mutants were not found, the growth rates of pds1
mutants were compared to lts1-210
and wild-type cells. Comparison of growth rates in liquid TAP medium in the dark showed that pds1-1
mutants grew more slowly than either lts1-210
or wild-type cells ().
Results of plating assays of wild-type, lts1-210, pds1-3, and pds1-1.
Differences in growth between pds1 mutants and white lts1-210 or wild-type cells were more pronounced in plating assays. First, the plating efficiency of pds1, lts1, and wild-type strains was measured as colony-forming units (CFU). After 3 weeks growth in the dark, the plating efficiency of pds1-1 was calculated as 53.5%±2.8; pds1-3 was 48.4%±2.9; lts1-210 was 86.7%±10.2; and wild type was 83.3%±3.5 ().
A second plating experiment was performed to assess how visible pds1
mutants are in a background of wild-type cells when grown in a ~1
1 ratio (). After accounting for the ~50% and ~80% observed plating efficiencies for pds1
strains and wild-type/lts1-210
strains, respectively, the expected CFU was 1250 CFU/plate for pds1
mutants and 1320 CFU/plate for wild-type and lts1-210
strains. On TAP-agar plates with a 1
1 ratio of lts1-210
to wild-type cells, white lts1-210
colonies were easily identified; they were as densely populated and equal in diameter to wild-type colonies (). In contrast, it was difficult to identify light green pds1-1
and white pds1-3
mutants among wild-type colonies because their colonies were frequently half the diameter or smaller than wild-type colonies and fewer in number (). Of the carotenoid mutants tested, pds1-3
colonies were the smallest and the least dense. Because of their small size, it was difficult to determine the color of some pds1
colonies and as a result, they could have been mistaken for extremely small wild-type colonies or not been detected at all in a screen for white mutants 
Intragenic pds1-2 suppressor mutants
To gain further insight into amino acid residues important for PDS structure and function, mutations that suppressed the white phenotype of pds1-2 were isolated. Sixteen light green pds1-2 suppressor mutants falling into three allelic classes were isolated from UV mutagenesis of the white P3-84 strain (lts1-301 pds1-2).
PSY and PDS genes were both sequenced from the pds1-2 suppressor mutants to identify any revertants and/or additional mutations. All 16 suppressor mutants retained the chloroplast transit peptide mutation in the PSY gene (lts1-301) from strain P3-84 (). Four of these strains, csp6, csp10, csp14, and csp15, had a reversion of the pds1-1 mutation: a transition from “A/T” (Lys143) back to wild-type “G/C” (Glu143) ( and ; ). These suppressors retained the L64P mutation, which was named pds1-4. The second class of intragenic pds1-2 suppressor mutants, pds1-5, had the original pds1-1 mutation (E143K) plus a new pds1 mutation, which converted the pds1-2 mutation (L64P) in exon one to L64F (, ). Seven pds1-5 strains were isolated: csp3, csp4, csp5, csp9, csp11, csp16 and csp17 (, csp17 not shown; ). The third class of intragenic pds1-2 suppressor mutants had three mutations in PDS: E143K from pds1-1, L64P from pds1-2 and a new mutation, K90M. The methionine at position 90 resulted from a transversion mutation that changed the wild-type “A” to a “T ( and ). In this third allelic class, pds1-6, five strains were isolated: csp1, csp7, csp8, csp12, and csp13 (, csp8 not shown; ).
Analysis of intragenic suppressors of pds1-2 mutants.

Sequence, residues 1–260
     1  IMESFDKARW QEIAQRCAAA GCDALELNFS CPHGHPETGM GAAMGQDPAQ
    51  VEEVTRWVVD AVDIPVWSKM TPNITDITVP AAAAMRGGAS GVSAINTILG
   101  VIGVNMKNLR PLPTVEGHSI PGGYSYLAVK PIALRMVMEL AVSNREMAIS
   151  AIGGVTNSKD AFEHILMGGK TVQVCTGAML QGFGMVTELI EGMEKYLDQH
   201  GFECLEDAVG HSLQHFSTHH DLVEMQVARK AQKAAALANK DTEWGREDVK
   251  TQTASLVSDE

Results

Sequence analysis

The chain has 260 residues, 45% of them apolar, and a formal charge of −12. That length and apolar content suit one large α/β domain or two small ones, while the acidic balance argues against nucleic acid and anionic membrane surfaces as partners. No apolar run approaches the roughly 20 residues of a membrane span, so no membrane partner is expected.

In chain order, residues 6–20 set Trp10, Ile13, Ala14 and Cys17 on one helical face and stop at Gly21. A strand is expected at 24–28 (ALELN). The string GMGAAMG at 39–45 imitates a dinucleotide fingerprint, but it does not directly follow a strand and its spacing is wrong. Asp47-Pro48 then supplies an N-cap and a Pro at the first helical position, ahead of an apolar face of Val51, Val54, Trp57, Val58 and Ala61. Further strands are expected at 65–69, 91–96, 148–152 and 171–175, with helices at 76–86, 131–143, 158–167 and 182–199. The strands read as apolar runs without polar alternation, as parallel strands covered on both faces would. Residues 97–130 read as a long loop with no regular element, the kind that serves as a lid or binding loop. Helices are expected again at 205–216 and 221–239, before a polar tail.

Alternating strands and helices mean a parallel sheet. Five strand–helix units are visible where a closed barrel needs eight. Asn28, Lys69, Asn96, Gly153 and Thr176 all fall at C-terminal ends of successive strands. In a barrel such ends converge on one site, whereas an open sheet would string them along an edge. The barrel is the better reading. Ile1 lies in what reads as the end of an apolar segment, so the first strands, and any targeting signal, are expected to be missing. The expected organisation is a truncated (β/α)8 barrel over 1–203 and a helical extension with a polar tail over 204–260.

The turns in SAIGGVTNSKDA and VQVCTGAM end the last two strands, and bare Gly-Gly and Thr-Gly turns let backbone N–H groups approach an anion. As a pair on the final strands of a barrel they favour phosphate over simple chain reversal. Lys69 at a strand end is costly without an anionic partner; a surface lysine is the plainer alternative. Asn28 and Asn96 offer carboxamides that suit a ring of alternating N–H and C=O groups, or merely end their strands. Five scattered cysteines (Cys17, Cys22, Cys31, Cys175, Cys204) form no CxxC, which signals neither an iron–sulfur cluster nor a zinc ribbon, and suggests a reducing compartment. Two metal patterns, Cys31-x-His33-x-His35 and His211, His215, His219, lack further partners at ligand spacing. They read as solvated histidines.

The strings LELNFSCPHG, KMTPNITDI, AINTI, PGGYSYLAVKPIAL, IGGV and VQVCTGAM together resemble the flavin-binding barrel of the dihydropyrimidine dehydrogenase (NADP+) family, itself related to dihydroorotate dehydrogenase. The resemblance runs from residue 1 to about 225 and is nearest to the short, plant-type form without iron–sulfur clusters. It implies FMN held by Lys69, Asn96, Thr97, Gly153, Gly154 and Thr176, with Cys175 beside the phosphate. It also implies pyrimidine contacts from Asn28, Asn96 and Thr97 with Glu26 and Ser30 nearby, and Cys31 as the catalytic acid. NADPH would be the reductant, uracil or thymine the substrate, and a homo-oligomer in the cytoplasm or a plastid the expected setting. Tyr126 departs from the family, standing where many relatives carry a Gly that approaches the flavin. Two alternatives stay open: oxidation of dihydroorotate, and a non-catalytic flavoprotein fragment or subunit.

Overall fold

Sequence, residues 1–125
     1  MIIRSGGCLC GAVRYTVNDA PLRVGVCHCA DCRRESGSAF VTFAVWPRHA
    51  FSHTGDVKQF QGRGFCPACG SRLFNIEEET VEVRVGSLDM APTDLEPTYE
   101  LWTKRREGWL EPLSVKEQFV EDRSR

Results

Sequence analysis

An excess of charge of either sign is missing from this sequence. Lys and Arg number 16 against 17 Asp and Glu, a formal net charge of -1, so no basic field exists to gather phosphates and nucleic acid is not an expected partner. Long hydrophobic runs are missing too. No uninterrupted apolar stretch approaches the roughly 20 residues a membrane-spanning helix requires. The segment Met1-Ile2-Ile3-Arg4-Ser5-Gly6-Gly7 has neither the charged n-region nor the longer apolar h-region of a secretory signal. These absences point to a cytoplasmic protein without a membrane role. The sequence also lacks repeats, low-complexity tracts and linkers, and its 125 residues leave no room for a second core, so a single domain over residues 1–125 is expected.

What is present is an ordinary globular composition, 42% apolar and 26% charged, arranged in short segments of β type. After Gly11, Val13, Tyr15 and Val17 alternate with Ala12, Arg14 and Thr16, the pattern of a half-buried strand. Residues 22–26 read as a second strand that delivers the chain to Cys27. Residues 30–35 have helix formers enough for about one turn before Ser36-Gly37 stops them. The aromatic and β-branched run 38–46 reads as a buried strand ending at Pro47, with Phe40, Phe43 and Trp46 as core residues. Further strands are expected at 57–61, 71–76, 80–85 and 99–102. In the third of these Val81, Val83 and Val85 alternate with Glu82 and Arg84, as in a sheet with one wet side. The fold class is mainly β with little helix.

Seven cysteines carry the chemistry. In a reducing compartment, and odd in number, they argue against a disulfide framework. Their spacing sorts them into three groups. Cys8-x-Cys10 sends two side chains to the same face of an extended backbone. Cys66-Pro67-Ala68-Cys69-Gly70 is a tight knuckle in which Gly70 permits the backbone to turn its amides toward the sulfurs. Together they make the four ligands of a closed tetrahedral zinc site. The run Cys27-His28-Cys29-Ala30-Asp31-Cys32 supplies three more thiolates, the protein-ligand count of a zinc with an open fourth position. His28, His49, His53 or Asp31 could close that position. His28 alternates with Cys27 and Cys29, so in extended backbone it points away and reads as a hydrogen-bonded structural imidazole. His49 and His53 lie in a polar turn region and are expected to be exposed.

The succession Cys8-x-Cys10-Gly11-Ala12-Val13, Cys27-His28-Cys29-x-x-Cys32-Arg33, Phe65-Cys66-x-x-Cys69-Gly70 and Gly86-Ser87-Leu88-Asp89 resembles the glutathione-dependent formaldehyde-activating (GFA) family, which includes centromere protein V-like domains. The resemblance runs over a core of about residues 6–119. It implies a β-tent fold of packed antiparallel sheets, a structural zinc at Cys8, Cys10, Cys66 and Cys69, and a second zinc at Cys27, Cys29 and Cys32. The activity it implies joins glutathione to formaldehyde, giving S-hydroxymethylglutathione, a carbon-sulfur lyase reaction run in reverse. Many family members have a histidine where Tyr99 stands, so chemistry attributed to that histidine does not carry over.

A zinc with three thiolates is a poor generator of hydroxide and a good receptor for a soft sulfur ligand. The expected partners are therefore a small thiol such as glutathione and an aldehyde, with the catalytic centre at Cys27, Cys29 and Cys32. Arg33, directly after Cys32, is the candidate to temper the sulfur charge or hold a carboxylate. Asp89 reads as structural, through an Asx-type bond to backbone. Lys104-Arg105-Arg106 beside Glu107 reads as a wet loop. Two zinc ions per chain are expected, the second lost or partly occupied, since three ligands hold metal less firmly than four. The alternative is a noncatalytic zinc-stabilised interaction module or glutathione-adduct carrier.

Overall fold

Light green intragenic suppressor mutants of pds1-2
were more light tolerant than light green pds1-1
and white pds1
mutants but less light tolerant than medium green lts1-301
single mutants (). All suppressor mutants grew well under vLL, but only pds1-4
mutants could survive in LL. The pds1-5
mutants bleached and died in LL (). No suppressor mutant survived in HL. Although the suppressor mutants were less light tolerant than lts1-301
single mutants, pigment analysis of pds1-2
suppressor mutants showed that all three classes synthesize the full spectrum of wild-type colored carotenoids, but at ~20% of the levels found in wild-type cells, similar to lts1-301
(). Comparison of total xanthophylls, known for their photoprotective properties 
, did not reveal any significant differences between suppressor mutants and lts1-301
. Zeaxanthin, a xanthophyll particularly important for photoprotection 
, was elevated 1.6 fold in lts1-301
compared to suppressor mutants and 1.4 fold higher than in wild-type cells. The levels of lutein were significantly lower than in wild-type cells but not significantly different among suppressor mutants or lts1-301
mutants. Two of the three pds1-2
suppressor mutant classes still accumulated phytoene. The pds1-5
strains accumulated phytoene at ~17% and ~6%, respectively, of the levels present in the starting strain P3-84 (). Like wild-type cells, pds1-4
mutants did not accumulate any phytoene ().
PDS structural prediction
The 3DLigandSite web server predicted that the C. reinhardtii
PDS protein has a structure most similar to a human monoamine oxidase, C2c70B. Both C2c70B and the C. reinhardtii
PDS proteins were classified as oxidoreductases and had 12% identity to each other. 3DLigandSite predicted the presence of a dinucleotide-binding motif [NAD(P) or FAD] in the center of the PDS protein (cyan blue, ) and potential ligand binding sites (indigo, ) 
. The C-terminus of bacterial carotenoid dehydrogenases was proposed to contain a hydrophobic carotenoid-binding pocket 
, which was also found conserved among cyanobacteria, algae, and plants 
. In C. reinhardtii
this region spans amino acid residues 492–517 (, lavender).
In the predicted PDS protein structure, amino acid residue 143 (mutated in both pds1-1 and in pds1-2 suppressor mutants) and amino acid residue 90 (mutated in pds1-6), were adjacent to one another, and in spacefilling mode, in physical contact (, Glu143, red and Lys90, orange). In the wild-type PDS protein these amino acids are Glu143 and Lys90. Amino acid residue 64, which is affected in pds1-2 and the suppressor mutants could not be visualized, because no structure was predicted for the first 71 amino acid residues of the N-terminus (or the last 22 residues of the C-terminus) of C. reinhardtii PDS.